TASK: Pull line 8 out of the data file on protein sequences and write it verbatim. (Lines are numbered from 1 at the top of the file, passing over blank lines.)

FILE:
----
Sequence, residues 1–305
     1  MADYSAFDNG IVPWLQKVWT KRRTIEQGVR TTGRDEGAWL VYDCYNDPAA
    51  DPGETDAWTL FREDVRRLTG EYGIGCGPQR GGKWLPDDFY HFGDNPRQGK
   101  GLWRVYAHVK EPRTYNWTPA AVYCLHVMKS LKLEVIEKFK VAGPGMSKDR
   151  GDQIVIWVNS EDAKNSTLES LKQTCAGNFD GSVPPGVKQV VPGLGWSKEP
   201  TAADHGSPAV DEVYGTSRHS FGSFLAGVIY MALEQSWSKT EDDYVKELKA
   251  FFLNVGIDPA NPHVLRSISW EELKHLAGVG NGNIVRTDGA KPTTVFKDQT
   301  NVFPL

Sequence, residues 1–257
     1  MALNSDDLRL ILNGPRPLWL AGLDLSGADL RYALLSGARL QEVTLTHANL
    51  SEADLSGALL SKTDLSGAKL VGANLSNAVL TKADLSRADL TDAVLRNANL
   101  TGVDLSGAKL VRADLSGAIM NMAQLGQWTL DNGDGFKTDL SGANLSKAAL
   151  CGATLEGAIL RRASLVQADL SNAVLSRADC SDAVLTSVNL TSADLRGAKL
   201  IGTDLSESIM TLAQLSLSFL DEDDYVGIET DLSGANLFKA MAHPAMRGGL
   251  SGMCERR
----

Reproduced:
   301  NVFPL